According to The Trevor Project (2020), suicide is the second leading cause of death among youth 10-24 years of age. Even more troubling, according to The Jason Foundation Parent Resource Program, four out of five completed suicides gave clear warning to those around them about their intentions before suicide was carried out. Additionally, more than 1 in 3 high school students reported feeling intense feelings of sadness and hopelessness in 2019, and this was before the worldwide pandemic that intensified these feelings for many.
Youth in the LGBTQ community are particurly at risk. Specifically, LGBTQ youth that come from a home that has proven rejecting of their chosen identity were 8.4 times more likely to attempt suicide and be successful than their peers that either came from affirming homes, regardless of their sexual orientation. On a personal note, I have witnessed this occur within my community when youth were afraid to be honest with their families and felt that suicide was their only way out of a sad situation.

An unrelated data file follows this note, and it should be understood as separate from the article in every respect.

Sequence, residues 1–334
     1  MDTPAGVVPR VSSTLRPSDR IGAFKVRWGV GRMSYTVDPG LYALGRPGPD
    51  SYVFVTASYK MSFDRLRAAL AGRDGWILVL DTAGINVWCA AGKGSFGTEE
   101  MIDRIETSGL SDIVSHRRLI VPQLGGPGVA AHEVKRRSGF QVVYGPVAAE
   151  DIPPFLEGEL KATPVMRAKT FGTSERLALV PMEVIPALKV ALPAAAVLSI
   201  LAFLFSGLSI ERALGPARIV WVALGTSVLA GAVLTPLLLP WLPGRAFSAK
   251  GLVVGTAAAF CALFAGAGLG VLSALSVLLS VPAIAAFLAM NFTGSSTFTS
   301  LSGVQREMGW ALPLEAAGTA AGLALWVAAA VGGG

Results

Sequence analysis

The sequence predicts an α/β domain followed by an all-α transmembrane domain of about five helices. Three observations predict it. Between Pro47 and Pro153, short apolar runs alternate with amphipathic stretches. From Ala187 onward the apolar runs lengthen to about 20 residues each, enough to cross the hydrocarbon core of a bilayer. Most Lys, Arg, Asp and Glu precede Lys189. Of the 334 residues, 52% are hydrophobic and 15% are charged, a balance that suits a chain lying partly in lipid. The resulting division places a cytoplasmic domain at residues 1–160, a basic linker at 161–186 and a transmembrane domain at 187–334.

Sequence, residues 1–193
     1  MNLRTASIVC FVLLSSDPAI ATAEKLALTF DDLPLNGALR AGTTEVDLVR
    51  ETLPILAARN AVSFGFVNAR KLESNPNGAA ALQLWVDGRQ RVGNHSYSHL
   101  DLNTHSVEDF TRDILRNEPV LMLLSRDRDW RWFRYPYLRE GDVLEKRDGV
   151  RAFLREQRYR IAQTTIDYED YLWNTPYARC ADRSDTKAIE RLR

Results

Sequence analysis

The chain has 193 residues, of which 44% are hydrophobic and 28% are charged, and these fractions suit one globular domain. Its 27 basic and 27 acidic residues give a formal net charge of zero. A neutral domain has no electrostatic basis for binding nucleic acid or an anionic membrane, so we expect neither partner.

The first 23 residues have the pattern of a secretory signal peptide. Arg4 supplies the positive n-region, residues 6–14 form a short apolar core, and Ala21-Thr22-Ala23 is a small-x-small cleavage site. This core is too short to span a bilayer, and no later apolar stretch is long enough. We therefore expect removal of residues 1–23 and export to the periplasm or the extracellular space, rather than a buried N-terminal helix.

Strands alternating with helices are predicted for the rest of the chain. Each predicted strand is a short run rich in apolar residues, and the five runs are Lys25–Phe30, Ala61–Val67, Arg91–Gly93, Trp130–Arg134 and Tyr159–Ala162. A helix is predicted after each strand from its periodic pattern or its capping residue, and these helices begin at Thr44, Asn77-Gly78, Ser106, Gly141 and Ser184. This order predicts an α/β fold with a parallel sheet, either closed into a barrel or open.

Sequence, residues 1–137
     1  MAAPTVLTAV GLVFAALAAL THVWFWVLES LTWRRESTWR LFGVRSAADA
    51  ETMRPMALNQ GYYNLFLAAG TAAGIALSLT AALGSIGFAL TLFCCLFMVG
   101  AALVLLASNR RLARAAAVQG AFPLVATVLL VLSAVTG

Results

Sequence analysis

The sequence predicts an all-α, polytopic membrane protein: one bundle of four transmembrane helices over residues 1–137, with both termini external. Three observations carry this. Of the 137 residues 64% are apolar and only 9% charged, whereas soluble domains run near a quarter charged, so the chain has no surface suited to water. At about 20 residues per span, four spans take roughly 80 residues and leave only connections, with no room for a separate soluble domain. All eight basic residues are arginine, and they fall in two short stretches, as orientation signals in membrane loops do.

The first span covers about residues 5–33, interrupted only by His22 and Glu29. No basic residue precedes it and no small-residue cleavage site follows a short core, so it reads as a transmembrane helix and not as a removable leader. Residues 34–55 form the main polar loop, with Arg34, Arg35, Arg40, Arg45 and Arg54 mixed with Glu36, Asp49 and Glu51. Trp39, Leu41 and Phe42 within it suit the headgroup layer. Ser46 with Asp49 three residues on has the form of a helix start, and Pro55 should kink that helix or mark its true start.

So, what happens when our children come to us with tough conversations? Perhaps they are letting us know that they have a different sexual orientation, or they are struggling with a substance abuse problem. Maybe a relationship got out of hand, and they don’t know how to handle it now. Maybe their mental health has taken a dive, and they are trying to low-key let someone know that they are self-harming or experiencing suicidal thoughts.
Regardless of what the actual situation is, how we respond as parents will have a direct impact on our relationship with our child and on their own self worth and esteem. Let’s look at some strategies to help us navigate those murky waters.
Top 5 Tips for Strengthening Relationships during Tough Conversations
Affirm that they are heard.